NewsDesk @bactiman63

The Directorate General of Health Services (DGHS) in Bangladesh has reported 34,724 dengue cases so far in July with the total cases since the beginning of the year rising to 42,702–24,798 cases in Dhaka and 17,904 from outside Dhaka.

Some 20,000 cases have been reported in the past 10 days in Bangladesh. Hospitals, especially in Dhaka, are struggling to find space for the high caseload of patients suffering high fever, joint pain and vomiting, health officials said.

An additional 10 fatalities today has brought the total death tally to 225 (178 in July alone). 177 deaths were reported from Dhaka.

281 dengue deaths were reported in 2022 – the highest on record in the country.

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Dengue is a viral infection transmitted by the bite of an infected mosquito. There are four closely related but antigenically different serotypes of the virus that can cause dengue (DEN1, DEN 2, DEN 3, DEN 4).

Dengue Fever (DF) – marked by an onset of sudden high fever, severe headache, pain behind the eyes, and pain in muscles and joints. Some may also have a rash and varying degree of bleeding from various parts of the body (including nose, mouth and gums or skin bruising).Dengue has a wide spectrum of infection outcome (asymptomatic to symptomatic). Symptomatic illness can vary from dengue fever (DF) to the more serious dengue hemorrhagic fever (DHF).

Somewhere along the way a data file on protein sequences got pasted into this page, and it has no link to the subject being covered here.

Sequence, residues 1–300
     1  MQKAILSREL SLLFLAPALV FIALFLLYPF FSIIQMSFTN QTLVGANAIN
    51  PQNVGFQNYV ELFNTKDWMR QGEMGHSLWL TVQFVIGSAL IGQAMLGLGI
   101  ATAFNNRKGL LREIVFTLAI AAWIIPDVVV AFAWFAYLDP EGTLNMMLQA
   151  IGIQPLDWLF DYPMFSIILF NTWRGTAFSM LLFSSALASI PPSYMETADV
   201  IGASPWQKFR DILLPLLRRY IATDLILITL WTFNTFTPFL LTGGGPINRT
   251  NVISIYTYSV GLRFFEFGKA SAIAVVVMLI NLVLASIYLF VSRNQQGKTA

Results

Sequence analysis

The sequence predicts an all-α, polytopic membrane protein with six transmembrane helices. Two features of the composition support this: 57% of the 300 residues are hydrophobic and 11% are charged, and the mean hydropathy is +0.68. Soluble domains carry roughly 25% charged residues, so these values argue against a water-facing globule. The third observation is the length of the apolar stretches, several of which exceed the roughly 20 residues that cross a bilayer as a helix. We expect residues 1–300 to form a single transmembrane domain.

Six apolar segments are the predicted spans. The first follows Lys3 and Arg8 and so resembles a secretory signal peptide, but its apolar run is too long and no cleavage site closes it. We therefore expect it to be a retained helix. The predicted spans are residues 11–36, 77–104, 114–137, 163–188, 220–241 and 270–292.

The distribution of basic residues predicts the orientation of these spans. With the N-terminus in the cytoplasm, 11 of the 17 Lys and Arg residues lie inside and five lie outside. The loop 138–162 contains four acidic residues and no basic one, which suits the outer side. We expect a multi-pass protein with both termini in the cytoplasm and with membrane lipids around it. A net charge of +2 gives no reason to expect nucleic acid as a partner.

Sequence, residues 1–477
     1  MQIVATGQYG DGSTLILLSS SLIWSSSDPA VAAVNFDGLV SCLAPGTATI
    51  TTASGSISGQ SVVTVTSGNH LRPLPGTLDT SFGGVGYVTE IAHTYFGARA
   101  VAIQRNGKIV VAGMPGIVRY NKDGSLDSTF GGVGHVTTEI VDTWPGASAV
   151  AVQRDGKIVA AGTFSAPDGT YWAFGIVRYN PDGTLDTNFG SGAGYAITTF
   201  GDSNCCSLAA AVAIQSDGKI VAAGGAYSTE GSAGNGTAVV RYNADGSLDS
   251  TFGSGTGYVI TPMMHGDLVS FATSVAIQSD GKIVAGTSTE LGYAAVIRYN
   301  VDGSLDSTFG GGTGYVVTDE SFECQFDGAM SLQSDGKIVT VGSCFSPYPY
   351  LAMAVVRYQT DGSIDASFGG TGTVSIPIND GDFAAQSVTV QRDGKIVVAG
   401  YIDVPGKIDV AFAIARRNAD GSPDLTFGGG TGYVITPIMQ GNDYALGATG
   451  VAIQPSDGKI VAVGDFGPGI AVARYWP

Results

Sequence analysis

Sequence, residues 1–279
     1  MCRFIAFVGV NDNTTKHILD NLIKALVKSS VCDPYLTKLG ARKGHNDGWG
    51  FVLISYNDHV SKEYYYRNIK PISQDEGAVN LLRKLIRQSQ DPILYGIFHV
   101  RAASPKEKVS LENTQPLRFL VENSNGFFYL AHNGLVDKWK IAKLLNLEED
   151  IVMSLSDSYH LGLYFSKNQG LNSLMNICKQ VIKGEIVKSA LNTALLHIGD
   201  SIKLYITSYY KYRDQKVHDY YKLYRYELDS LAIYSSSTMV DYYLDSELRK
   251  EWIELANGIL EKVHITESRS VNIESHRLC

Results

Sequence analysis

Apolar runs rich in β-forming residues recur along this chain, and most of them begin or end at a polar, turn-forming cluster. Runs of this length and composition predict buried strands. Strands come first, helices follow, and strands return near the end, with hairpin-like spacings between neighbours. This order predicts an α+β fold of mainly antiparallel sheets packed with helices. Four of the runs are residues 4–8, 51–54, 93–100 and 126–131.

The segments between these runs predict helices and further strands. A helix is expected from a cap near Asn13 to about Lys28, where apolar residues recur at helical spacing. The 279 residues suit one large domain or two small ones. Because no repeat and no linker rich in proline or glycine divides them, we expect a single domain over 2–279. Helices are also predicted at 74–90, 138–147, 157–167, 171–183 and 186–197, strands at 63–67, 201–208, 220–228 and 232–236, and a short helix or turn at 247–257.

Dengue Hemorrhagic Fever (DHF) – is a more severe form, seen only in a small proportion of those infected. DHF is a stereotypic illness characterized by 3 phases; febrile phase with high continuous fever usually lasting for less than 7 days; critical phase (plasma leaking) lasting 1-2 days usually apparent when fever comes down, leading to shock if not detected and treated early; convalescence phase lasting 2-5 days with improvement of appetite, bradycardia (slow heart rate), convalescent rash (white patches in red background), often accompanied by generalized itching (more intense in palms and soles), and diuresis (increase urine output).

Dengue Shock Syndrome (DSS) — Shock syndrome is a dangerous complication of dengue infection and is associated with high mortality. Severe dengue occurs as a result of secondary infection with a different virus serotype. Increased vascular permeability, together with myocardial dysfunction and dehydration, contribute to the development of shock, with resultant multiorgan failure.